Une tendance de fond et un développement sur le long terme

Les ventes de ces filières courtes devraient continuer à progresser sur un rythme proche de celui de la consommation alimentaire en valeur (de 2 à 2,5% par an). A l’horizon 2015, elles pourraient avoisiner 2,8 milliards d’euros selon les pronostics des experts de Xerfi. Toutefois, la persistance d’un contexte économique dégradé et la difficulté à élargir la cible de clientèle freinera leur développement.
La commercialisation via les circuits courts devra en effet surmonter des problèmes structurels pour assurer son développement futur. Les producteurs sont confrontés à des contraintes diverses : investissements coûteux, mise aux normes des installations, accès difficile au crédit bancaire, besoins plus importants en main-d’oeuvre, difficultés à répondre aux appels d’offre en raison de l’irrégularité des récoltes, etc. L’éloignement des exploitations des bassins de consommation peut décourager une partie des consommateurs.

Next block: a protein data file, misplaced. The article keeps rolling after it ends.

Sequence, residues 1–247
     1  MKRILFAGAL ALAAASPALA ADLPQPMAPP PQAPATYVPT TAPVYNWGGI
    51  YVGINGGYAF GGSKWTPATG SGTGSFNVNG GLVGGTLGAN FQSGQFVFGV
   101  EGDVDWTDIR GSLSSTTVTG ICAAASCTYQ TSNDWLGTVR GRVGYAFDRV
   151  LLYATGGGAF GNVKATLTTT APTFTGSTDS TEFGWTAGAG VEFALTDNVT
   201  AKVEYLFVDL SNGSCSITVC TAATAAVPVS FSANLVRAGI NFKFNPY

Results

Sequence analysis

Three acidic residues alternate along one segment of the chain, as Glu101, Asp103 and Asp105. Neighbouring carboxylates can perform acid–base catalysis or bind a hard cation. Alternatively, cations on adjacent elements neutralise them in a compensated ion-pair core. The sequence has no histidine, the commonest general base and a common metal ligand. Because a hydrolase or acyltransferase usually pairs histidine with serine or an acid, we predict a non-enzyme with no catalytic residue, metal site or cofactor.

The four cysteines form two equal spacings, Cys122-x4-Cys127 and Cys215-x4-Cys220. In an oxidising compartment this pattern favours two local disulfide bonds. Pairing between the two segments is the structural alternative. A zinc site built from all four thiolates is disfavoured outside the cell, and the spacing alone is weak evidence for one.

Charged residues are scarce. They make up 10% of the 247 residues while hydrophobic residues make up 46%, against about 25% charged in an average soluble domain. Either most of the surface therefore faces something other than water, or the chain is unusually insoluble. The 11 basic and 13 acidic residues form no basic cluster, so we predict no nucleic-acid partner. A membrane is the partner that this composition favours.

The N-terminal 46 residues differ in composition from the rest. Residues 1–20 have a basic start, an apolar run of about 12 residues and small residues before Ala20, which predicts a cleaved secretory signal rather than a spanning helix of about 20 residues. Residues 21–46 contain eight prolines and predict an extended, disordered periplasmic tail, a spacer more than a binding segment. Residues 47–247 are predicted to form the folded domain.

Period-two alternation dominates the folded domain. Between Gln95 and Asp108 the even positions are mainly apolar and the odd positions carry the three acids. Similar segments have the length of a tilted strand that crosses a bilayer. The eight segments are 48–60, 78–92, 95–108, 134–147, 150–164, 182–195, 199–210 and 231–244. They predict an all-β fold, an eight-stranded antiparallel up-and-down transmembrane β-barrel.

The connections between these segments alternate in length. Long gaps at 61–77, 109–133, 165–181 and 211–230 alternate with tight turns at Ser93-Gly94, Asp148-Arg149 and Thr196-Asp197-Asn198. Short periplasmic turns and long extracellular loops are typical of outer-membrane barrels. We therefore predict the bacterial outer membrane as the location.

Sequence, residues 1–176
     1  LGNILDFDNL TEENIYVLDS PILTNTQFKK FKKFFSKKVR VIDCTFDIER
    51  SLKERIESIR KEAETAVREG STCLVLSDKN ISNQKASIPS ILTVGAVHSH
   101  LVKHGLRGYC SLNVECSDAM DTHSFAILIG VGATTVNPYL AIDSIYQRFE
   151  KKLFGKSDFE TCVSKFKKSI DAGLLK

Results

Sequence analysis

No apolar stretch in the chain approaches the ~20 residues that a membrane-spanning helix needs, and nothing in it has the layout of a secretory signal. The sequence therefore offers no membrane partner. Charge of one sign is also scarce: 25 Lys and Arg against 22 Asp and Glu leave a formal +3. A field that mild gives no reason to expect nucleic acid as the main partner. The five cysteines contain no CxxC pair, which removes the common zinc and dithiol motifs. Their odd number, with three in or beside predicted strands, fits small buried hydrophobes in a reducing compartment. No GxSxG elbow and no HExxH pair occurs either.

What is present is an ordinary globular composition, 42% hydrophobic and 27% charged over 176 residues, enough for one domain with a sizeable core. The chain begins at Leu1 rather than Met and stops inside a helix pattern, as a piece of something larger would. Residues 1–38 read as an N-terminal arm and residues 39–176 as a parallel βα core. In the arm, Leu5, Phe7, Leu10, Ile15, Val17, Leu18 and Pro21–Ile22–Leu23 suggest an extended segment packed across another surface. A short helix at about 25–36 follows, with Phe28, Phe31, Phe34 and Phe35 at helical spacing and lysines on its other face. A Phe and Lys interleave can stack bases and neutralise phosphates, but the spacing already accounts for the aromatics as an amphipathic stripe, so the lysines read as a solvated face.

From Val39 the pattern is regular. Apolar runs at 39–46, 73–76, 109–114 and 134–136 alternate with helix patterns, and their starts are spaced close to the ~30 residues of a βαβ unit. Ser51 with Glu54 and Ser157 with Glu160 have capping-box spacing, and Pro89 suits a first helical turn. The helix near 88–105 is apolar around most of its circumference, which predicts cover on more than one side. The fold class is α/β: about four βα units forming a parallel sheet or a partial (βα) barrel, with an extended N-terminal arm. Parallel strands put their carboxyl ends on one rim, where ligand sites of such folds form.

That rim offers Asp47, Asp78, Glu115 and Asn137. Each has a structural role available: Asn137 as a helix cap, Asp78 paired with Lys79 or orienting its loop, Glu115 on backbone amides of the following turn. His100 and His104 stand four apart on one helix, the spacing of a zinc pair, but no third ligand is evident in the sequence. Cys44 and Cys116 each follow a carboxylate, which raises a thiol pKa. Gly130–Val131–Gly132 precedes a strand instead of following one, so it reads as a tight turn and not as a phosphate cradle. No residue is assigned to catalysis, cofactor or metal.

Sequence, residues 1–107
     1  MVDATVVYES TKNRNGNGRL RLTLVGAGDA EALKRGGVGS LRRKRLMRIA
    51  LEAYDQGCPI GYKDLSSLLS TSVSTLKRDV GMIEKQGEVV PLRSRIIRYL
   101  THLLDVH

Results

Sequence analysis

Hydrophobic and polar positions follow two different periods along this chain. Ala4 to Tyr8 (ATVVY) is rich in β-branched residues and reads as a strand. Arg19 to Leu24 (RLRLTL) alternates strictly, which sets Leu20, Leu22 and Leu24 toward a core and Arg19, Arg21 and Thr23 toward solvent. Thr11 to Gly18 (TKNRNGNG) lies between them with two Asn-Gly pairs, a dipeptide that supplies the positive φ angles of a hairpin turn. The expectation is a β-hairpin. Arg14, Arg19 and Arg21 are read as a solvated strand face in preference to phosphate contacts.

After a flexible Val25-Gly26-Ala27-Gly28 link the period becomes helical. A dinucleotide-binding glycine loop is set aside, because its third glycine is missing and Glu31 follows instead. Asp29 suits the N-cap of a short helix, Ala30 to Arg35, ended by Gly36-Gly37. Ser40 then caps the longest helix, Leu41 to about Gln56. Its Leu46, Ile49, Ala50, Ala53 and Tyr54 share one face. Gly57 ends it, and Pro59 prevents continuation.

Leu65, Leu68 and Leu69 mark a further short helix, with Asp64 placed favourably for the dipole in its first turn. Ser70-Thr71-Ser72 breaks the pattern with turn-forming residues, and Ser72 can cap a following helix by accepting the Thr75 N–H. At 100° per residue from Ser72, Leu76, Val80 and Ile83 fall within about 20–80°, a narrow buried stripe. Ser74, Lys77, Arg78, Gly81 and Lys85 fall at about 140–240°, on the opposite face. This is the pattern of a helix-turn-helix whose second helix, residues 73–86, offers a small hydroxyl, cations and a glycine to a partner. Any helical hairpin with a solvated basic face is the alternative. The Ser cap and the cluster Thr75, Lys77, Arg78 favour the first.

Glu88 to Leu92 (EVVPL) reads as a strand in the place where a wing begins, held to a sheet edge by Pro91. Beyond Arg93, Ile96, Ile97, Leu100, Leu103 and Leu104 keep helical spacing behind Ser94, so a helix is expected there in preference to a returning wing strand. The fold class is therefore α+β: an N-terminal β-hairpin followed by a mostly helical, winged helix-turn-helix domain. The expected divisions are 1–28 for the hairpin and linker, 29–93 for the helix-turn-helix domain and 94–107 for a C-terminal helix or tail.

Par ailleurs, les produits vendus en circuits courts peuvent être plus coûteux que ceux distribués dans les réseaux classiques. Ce qui limite les possibilités d’étendre la cible de clientèle (la majorité des clients des circuits courts sont des cadres ou professions intellectuelles supérieures).

Les circuits courts concernent des opérateurs très différents
Les producteurs ont joué un rôle majeur dans le développement récent des circuits courts. Certains se sont rassemblés en groupements ou associations pour accroître la diffusion de leurs produits (Les